Why the Buddha laughed?

“Come with me.”  He stood up, as if time was vital.  “Come.  I will show you the innermost secret of life.  Come.”  He walked quickly round to the colonnade.  I followed him upstairs.  There he pushed me out onto the terrace.
“Go and sit at the table. With your back to the sun.”
In a minute he appeared, carrying something heavy draped in a white towel. He put it carefully on the center of the table. Then he paused, made sure I was looking, before gravely he removed the cloth. It was a stone head, whether of a man or a woman it was difficult to say. The nose had been broken short. The hair was done in a fillet, with two side-pieces. But the power of the fragment was in the face. It was set in a triumphant smile, a smile that would have been smug if it had not been so full of the purest metaphysical good humor. The eyes were faintly Oriental, long, and as I saw, for Conchis put a hand over the mouth, also smiling. The mouth was beautifully modeled, timelessly intelligent and timelessly amused.
“That is the truth. Not the hammer and the sickle. Not the stars and stripes. Not the cross. Not the sun. Not gold. Not yin and yang. But the smile.”
“It’s Cycladic, isn’t it?”
“Never mind what it is. Look into its eyes.”
He was right. The little sunlit thing had some numen – or not so much a divinity, as a having known divinity – in it; of being ultimately certain. But as I looked, I began to feel something else.
“There’s something implacable in that smile.”
“Implacable?” He came behind my chair and looked down over my head. “It is the truth. Truth is implacable. But the nature and meaning of this truth is not.”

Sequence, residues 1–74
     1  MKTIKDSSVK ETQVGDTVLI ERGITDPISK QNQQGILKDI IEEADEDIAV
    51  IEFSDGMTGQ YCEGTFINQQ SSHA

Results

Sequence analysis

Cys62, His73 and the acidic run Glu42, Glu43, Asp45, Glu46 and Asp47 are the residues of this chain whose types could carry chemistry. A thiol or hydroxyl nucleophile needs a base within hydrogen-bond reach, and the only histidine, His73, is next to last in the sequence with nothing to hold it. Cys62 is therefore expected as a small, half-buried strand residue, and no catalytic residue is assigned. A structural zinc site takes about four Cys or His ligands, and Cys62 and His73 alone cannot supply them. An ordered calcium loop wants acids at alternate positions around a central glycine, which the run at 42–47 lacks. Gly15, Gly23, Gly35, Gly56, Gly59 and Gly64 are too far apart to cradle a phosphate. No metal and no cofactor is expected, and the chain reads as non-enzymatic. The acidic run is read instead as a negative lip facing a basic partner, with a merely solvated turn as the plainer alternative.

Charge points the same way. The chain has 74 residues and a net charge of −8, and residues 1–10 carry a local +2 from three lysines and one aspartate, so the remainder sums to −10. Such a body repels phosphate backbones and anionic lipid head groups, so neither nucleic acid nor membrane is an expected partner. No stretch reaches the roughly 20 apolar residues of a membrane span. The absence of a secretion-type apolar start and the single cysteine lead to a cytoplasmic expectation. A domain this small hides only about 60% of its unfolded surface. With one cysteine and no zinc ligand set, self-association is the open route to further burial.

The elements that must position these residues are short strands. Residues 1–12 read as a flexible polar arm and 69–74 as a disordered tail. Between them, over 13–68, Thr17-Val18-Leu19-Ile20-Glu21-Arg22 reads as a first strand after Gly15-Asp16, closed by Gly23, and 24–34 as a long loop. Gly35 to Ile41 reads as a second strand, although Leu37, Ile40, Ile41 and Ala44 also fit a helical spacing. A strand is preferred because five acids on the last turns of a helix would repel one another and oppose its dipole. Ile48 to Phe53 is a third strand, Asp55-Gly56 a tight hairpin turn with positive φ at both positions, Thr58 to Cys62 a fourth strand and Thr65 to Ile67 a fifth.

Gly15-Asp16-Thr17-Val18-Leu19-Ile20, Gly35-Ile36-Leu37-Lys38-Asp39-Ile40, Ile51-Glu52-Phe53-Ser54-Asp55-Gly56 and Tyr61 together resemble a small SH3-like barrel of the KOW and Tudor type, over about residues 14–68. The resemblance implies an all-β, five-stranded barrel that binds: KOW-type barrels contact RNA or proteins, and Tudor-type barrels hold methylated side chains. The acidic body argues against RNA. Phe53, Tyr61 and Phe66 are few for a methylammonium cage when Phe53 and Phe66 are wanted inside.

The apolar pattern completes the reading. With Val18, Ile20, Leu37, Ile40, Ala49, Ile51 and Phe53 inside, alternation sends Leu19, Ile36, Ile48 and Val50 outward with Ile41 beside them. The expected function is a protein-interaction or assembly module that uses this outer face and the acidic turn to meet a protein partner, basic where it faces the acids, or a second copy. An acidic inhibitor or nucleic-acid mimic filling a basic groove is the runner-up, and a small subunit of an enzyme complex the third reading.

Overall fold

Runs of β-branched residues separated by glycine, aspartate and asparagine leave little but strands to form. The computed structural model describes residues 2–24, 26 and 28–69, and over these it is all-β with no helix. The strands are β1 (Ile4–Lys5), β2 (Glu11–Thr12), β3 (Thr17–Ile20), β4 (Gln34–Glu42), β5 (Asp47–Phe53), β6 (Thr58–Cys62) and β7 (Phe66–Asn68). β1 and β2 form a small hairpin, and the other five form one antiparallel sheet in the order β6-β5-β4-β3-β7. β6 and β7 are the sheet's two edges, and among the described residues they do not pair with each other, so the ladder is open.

“Tell me where it came from.”
“From Didyma in Asia Minor.”
“How old is it?”
“The sixth or seventh century before Christ.”
He sat on the parapet, his arms folded.
“I wonder if it would have that smile if it knew of Belsen.”
“Because they died, we know that we still live. Because a star explodes and a thousand worlds like ours die, we know this world is. That is the smile: that what might not be, is.” A long silence. Then he said, “When I die, I shall have this by my bedside. It is the last face I want to see.”

~ John Fowles, from The Magus (ch 23)

2 Responses to “Why the Buddha laughed?”

  1. Modelling & Architecture Says:

    Markedly well written writing

  2. dancing with the stars 13 Says:

    My family members every time say that I am wasting my
    time here at net, but I know I am getting knowledge everyday by reading thes nice content.

Leave a Reply

Fill in your details below or click an icon to log in:

WordPress.com Logo

You are commenting using your WordPress.com account. Log Out / Change )

Twitter picture

You are commenting using your Twitter account. Log Out / Change )

Facebook photo

You are commenting using your Facebook account. Log Out / Change )

Google+ photo

You are commenting using your Google+ account. Log Out / Change )

Connecting to %s


%d bloggers like this: